Don’t Expect a Full-On Recession

Recent economic news has been good, but leading indicators signal a softening in 2014. We forecast a mild, and brief, recession in U.S. industrial production next year, as opposed to a full-on recession.

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Recent economic news has been positive. Factory new orders are up on machinery and computer orders, auto retail sales are doing well generally and Chrysler sales hit a six-year high, the stock market is moving higher, construction remains positive, and there is a generally positive outlook regarding U.S. GDP in the coming quarters. We anticipate that U.S. industrial production, our benchmark for overall economic activity, will continue growth through the remainder of 2013.

The Federal Reserve Board has been in the news a lot lately, and that has created quite a bit of handwringing over whether the Fed would slow down on its $85 billion monthly bond purchases this year with a complete cessation by mid-2014. The situation has been a bit strange in that good news in the economy would lead the Fed to taper its quantitative easing, but the stock market would view the tapering as a negative, despite the fact that the Fed decision would be predicated on good news. Bad news in the economy would keep the Fed spending, and the stock market seems to prefer more Fed money to assurances of a strengthening economy.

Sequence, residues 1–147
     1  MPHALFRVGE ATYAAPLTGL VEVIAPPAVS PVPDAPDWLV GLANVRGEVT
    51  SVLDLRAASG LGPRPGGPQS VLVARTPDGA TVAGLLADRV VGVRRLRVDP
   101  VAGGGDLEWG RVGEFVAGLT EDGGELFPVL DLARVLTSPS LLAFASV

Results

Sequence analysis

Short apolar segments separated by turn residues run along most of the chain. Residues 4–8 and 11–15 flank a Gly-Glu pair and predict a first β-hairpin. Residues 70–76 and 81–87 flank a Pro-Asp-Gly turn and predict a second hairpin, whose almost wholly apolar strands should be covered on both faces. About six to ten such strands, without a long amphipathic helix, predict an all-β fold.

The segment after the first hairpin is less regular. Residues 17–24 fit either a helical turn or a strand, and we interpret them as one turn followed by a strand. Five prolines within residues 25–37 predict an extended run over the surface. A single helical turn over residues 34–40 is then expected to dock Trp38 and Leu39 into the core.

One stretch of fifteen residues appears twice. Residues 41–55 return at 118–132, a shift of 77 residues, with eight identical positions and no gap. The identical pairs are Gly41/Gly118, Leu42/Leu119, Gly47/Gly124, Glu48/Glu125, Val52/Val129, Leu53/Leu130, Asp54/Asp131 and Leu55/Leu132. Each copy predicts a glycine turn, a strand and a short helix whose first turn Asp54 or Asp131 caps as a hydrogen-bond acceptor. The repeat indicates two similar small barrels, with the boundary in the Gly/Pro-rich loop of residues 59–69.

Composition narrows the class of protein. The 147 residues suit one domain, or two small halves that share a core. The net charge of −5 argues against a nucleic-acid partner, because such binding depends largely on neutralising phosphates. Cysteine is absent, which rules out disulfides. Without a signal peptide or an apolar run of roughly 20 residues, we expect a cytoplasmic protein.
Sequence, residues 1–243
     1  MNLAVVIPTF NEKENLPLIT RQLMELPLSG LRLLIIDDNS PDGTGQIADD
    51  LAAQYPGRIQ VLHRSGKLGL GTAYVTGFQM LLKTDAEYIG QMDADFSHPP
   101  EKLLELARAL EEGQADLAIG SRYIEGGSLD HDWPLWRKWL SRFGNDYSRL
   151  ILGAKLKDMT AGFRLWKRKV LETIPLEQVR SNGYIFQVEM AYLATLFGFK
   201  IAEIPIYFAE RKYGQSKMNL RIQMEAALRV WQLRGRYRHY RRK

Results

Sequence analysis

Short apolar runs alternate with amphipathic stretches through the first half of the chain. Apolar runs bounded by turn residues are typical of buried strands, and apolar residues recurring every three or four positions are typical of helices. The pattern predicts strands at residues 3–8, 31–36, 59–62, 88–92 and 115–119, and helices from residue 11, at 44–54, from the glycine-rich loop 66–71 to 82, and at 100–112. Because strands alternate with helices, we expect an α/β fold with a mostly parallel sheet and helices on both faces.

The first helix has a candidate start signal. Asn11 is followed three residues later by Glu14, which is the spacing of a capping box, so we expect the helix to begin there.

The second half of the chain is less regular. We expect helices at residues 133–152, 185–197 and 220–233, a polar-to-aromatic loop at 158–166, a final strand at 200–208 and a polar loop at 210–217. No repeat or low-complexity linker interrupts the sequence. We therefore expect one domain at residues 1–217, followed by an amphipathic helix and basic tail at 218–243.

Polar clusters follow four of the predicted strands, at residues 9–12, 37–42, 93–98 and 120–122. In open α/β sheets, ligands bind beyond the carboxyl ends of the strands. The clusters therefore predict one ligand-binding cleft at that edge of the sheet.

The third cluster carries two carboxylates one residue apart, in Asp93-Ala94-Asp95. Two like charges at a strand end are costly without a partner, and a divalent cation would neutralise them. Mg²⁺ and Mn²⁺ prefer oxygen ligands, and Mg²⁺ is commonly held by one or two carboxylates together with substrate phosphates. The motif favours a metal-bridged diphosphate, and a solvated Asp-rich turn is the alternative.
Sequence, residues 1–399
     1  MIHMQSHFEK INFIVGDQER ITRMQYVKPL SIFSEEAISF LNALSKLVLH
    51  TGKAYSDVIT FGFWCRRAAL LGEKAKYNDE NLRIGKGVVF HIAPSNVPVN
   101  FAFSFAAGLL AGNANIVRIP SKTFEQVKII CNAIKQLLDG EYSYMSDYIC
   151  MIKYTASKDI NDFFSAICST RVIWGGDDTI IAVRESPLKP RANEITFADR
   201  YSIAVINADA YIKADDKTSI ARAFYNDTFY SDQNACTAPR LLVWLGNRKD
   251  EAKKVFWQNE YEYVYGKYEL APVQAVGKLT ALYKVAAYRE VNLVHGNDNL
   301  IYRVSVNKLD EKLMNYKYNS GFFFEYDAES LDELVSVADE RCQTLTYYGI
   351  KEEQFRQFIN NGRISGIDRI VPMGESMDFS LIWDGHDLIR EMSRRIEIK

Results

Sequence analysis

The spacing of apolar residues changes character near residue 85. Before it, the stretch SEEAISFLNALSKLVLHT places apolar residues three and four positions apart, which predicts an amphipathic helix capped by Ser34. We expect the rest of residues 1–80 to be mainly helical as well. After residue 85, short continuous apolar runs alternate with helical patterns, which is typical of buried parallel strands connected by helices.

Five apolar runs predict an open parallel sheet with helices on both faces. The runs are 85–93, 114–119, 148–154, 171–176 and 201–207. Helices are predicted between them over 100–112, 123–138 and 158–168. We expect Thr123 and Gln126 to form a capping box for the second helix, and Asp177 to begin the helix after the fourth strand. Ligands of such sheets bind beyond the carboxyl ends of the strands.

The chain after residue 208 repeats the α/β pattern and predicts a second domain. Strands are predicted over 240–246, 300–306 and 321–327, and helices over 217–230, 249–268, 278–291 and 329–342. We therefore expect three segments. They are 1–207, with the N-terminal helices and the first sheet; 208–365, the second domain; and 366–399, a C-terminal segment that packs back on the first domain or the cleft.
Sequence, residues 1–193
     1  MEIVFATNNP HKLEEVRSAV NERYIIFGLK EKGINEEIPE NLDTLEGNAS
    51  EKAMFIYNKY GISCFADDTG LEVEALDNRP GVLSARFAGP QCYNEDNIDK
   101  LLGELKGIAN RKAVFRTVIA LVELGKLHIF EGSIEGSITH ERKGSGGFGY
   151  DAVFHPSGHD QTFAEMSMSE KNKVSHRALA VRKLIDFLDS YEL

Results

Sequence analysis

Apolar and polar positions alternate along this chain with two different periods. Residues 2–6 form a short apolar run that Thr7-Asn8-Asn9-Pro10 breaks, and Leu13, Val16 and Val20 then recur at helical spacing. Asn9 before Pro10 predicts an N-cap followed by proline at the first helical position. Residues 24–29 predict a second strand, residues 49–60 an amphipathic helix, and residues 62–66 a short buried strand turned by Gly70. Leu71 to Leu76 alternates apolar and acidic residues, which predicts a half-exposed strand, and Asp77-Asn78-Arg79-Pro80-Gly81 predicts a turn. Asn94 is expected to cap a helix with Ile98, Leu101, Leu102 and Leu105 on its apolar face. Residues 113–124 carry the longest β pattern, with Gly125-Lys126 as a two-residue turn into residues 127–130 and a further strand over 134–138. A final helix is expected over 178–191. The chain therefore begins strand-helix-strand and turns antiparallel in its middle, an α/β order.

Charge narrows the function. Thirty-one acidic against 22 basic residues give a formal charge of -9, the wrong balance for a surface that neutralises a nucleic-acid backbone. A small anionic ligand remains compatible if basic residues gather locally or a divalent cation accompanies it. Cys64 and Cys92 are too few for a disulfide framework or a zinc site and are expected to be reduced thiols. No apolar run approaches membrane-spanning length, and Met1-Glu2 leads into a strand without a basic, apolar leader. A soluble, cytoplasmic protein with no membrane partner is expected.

Let’s look at both the Federal Reserve Board and the stock market and see what each means to us as business leaders and as individuals.

The decision to let up on quantitative easing is predicated upon the achievement of sustainable growth in the U.S. that will last into 2014. There must be a strengthening economy for the Fed to withdraw what they believe is their beneficial support. Given that qualifying statement, do not expect the bond-buying program to do more than slow down later this year. The U.S. economy will be softening in 2014 and that will keep the Federal Reserve from going to zero. The stock market will like that. Many business leaders might also view this as positive news. We do not, but perception can be greater than reality, and the perception will help keep the economy from tanking next year. The leading indicators are clearly signaling a softening in 2014. We are forecasting that there will be a mild, and brief, recession in U.S. industrial production next year, as opposed to a full-on recession.

The S&P 500 gave up some ground from May to early July. The 1.5 percent decline is not statistically meaningful at this time. It would seem that one of the best known and most watched leading indicator signals is suggesting better days ahead. Many people think the healthy first-half-2013 stock market rise means we will have a good 2014. However, the S&P 500 isn’t saying anything about 2014 (yet). There is generally a six-month leadtime between the stock market and the general economy (as measured by U.S. industrial production or GDP). The S&P 500 trend through May indicates that the economy will avoid slipping into the backside of the business cycle until late this year. The one-month decline in June could be signaling that we are on track with our outlook for a softer economy in 2014, and potentially a mild recession awaits us.